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BEREAVED families of loved ones killed by Covid-19 are demanding a voice in the government’s upcoming public inquiry over Britain’s pandemic response.
John’s Campaign and the Relatives and Residents Association (R&RA), which both represent bereaved relatives of care home residents who died during the crisis, are seeking to apply for core participant status, as is the Covid-19 Bereaved Families for Justice group.
The three groups have urged for work to start immediately on the probe, announced by PM Boris Johnson earlier this year, but bereaved families said they have the impression that little progress is being made.
The pandemic has claimed more than 150,000 lives in Britain, one of the highest death tolls in the world.
R&RA, which has been supporting older people and their families impacted by the “neglect” of the care sector through its helpline during the pandemic, said it wants to ensure their voices are heard.
Director Helen Wildbore said: “Our work has given us unique insights into the experiences of people living at the sharp end of coronavirus.
“We will make sure their voices are heard at the public inquiry and push for the answers families are so desperate for.”
Leigh Day partners Emma Jones and Tessa Gregory, representing the groups, said: “If the inquiry is to be effective it is imperative that our clients, who have fought to ensure the rights of residents and relatives are protected, are allowed to play a full role in the inquiry process.”
Expressing fears that little progress has been made, Hannah Brady, from Covid-19 Bereaved Families for Justice, said: “The government cannot kick the can down the road on this, doing so could put lives at risk further down the line.”
The group has met Cabinet Office officials to make it clear they should be given core participant status, she said.
This would let the groups make opening and closing statements, see inquiry reports relevant to them in advance of publication and allow their lawyers to question witnesses.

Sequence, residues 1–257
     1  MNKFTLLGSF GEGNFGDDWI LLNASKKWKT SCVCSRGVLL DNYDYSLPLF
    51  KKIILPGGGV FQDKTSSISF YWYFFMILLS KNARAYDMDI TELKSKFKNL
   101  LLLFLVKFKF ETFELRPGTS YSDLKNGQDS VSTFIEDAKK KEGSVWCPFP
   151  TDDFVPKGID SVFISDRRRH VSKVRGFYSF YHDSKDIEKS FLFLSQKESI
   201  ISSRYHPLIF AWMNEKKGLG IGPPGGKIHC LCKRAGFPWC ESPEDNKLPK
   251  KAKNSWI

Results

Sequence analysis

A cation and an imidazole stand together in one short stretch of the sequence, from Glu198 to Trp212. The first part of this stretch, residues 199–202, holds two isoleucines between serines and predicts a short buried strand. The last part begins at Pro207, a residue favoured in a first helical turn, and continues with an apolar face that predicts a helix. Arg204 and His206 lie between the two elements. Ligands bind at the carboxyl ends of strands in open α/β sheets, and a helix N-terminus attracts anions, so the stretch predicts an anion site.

In granting a person or organisation core participant status, the inquiry chairman must consider whether they played a direct and significant role or have significant interest in the matters the inquiry will examine.
Labour MP and former shadow home secretary Diane Abbott told the Morning Star that bereaved families must be at the centre of the inquiry.
“A full public inquiry into one of the largest peacetime death tolls is long overdue,” she said.
“It should examine all the dreadful consequences of government decisions and what motivated them.
“Bereaved families must be at the centre of that as their loved ones paid the ultimate price for ministers’ lethal decisions.”
Preliminary findings from the People’s Covid Inquiry, organised by campaign group Keep Our NHS public, concluded the government was “unfit for purpose” during the crisis.
The unofficial probe, chaired by prominent human rights lawyer Michael Mansfield QC, gathered evidence from a range of experts and affected groups, including bereaved families.
Echoing Ms Abbott, Keep Our NHS Public co-chair Dr John Puntis said it was “absolutely essential” for bereaved families to be put at the centre of the official inquiry.
“Being granted core participant status would be some recognition of this fact. Unfortunately, the government and Prime Minister have shown little empathy with the many who have lost loved ones, and continue to resist calls for an urgent investigation for fear of political damage.
“In response to a request from Keep Our NHS Public for information on progress so far, the Cabinet Office replied on July 7 indicating that no preparations had yet been made. The families may have a very long wait for justice.”
A government spokeswoman said: “We have committed to holding a full public inquiry as soon as is reasonably possible.”
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